There’s been a fair bit of fury on social media in recent days about original sin. Not something I would necessarily have predicted in the window between the budget and COP26!
Original sin is an essential piece of Christian doctrine. If you are a Christian, you should not be squeamish about it, and if you are not a Christian then I suggest that you should be a lot more open to the notion than you probably are.
Original sin comes from the Genesis account of the ‘fall’ of humankind. This was the choice made by human beings to tell God that they wanted all the good things that He had made, but that they didn’t want Him. It was the choice humans made to turn their back on the perfect God who made them and loved them, and to set themselves up as their own gods.
The doctrine says that from that moment on, all human beings became flawed; not just limited but flawed. Capable of good, of course, but with a default towards selfishness and towards wanting God not to be God, not to exist and not to have any claims on them.
Centuries upon centuries of experience tell us that human beings are pretty flawed and capable of being both good and bad, and that human-inspired tragedy, want, heartbreak and abuse affects every generation and every family. If your objection to the notion of original sin is that you think humanity is basically good, then I admire your optimism but doubt that you’ve ever been outside your front door.
The fact is that original sin tells us something important when it comes to justice. It tells us that human beings are responsible for the wrong that they do.
If the materialists are right and if you do something awful, then logically it’s not really your fault is it? You are just the product of bad genes or an unfortunate environment imposed on you by those around you.
But can we really blame ‘bad’ genes or environment? A godless conception of good or evil is intellectually riddled with holes, because without a god and a natural law then there can be no good and no evil. Everything is neutral. When a comet ploughs into a planet, it’s not being evil: it’s just blindly doing its thing. Without a concept of sin and the doctrine of original sin, good and evil must simply be arbitrary and temporary constructs. They may serve some biological evolutionary purpose for now, but they have no moral underpinning in this accidental universe in which we accidentally exist.
Original sin tells us that you can’t get away with the luxury of that belief; that you are indeed responsible for your actions.
Those who would call themselves liberals ought to be especially careful in dismissing original sin because it is one of two Christian doctrines – along with the doctrine of humans having been created in the image of God – that underpin our Western liberal values.
One of these doctrines is positive: all people are equal in value. But more than that, each individual has an impossibly huge value, bearing the dignity of being at the apex of God’s creation.
The other doctrine – original sin – is negative, but just as important because it tells us that we are responsible for the wrong that we do and that we should be held to account.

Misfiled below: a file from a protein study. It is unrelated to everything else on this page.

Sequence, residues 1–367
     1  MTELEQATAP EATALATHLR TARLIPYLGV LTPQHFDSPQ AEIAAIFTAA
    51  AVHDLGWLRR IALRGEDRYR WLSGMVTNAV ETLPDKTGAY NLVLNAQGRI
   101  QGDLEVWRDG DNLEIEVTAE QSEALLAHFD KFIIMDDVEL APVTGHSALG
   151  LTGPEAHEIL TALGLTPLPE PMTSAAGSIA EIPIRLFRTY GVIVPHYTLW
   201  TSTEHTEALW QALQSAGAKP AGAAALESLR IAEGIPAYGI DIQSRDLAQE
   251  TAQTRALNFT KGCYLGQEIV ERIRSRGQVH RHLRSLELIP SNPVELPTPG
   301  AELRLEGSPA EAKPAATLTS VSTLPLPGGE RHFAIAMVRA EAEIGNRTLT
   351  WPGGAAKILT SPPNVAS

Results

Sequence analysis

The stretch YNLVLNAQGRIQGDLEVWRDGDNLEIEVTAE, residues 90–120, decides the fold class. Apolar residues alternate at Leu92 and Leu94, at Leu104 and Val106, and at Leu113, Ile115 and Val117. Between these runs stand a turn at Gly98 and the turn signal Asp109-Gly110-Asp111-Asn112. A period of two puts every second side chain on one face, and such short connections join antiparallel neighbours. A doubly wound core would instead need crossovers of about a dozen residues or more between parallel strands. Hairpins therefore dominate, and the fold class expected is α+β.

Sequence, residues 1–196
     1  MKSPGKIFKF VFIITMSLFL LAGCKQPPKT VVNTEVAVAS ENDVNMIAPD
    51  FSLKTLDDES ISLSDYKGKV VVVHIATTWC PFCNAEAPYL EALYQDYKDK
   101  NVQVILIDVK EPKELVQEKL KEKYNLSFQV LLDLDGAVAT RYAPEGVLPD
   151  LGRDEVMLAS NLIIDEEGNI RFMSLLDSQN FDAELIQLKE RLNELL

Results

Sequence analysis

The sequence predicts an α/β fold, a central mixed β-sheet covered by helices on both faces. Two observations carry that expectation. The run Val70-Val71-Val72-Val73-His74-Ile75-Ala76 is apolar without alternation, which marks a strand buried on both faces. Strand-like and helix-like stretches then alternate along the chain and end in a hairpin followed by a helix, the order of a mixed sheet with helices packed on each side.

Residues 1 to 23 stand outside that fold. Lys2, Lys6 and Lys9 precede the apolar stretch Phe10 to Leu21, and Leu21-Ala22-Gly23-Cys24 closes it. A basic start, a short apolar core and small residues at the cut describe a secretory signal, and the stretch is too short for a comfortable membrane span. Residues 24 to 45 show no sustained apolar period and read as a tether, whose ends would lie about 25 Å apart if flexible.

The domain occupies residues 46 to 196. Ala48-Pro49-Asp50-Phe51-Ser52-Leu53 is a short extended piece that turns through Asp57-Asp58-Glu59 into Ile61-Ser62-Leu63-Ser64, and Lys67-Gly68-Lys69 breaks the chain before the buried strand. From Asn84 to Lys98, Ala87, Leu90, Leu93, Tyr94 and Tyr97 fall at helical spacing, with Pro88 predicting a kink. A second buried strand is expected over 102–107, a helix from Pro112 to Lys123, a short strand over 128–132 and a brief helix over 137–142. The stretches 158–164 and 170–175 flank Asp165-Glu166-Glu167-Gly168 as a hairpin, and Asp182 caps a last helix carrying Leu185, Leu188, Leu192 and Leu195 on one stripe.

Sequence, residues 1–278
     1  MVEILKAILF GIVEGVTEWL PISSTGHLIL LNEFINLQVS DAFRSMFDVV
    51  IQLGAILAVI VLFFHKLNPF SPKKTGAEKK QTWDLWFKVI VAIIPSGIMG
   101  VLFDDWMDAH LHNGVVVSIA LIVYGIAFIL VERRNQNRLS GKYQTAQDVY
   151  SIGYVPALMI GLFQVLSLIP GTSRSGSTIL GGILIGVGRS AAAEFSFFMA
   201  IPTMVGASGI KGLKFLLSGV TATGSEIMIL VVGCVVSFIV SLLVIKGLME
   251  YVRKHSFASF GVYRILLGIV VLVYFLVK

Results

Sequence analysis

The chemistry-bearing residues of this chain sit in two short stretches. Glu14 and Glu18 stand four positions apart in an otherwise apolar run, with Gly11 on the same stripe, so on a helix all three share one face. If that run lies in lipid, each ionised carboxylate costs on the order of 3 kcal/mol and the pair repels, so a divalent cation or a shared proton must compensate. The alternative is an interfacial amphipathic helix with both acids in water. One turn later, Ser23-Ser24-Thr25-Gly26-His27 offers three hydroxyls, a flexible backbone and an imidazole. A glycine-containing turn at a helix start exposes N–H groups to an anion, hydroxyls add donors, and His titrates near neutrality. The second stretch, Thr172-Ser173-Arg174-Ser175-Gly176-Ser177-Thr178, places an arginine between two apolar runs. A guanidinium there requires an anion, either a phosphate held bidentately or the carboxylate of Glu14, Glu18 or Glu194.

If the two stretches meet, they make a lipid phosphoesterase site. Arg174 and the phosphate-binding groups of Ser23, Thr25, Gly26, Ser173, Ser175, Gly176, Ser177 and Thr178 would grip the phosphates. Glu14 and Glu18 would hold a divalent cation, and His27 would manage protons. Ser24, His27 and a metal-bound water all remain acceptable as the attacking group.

These two Christian doctrines are the foundation of liberal democracy: equality and justice. The values of our society would never have developed without them. So we should be very careful about sneering at either of them.
In the end though, the objections to the notion of ‘original sin’ are – ironically – based on the reality of original sin, i.e. that we don’t want God to be God. We don’t want sins to exist, or at least if there are such things as sins, we want to decide what they are. Which is, once again, human beings rejecting God and putting themselves in His place.
Finally, this whole thing blew up because Katharine Birbalsingh used the term ‘original sin’ to make the point that children should be taught that we are all flawed and need to learn right from wrong.
Well, shouldn’t children be introduced to a range of world views, not just the ones we find comfortable and easy? Indeed maybe the reason we find original sin uncomfortable and difficult is because it hits a raw nerve. ‘Sin’ is an inflammatory word in our society.
The common – and utterly wrong – view of original sin is that it means children are born evil and have to spend their whole lives trying to atone for this. It is seen as a medieval attempt to keep people in guilt and obedient to church authority, which has no place in the 21st century. This misses the whole point that God loves us despite our flaws and failings. He is not waiting for us to get our lives in order before He will notice us. Instead He gets alongside us just as we are.
But more than that it is controversial because what it does say is that, actually, we cannot save ourselves. This is both liberating and humbling. Liberating because it means I don’t have to spend my life weighed down with guilt, trying to become perfect to be accepted. Humbling because it reminds me that I should not judge others for their flaws when I have plenty of my own. And because it shows me that I cannot be god – I simply do not have it in me to become my own saviour.
This kicks against everything our society tells us, but there is immense richness to be found in stepping back to consider a world view that has empirically been shown to hold water throughout the last two millennia.
Tim Farron has been the Member of Parliament for Westmorland and Lonsdale since 2005, and served as the Leader of the Liberal Democrat Party from 2015 to 2017. Tim is also the host of Premier’s ‘A Mucky Business’ podcast, which unpacks the murky world of politics and encourages believers around the UK to engage prayerfully. You can find it on your chosen podcast provider.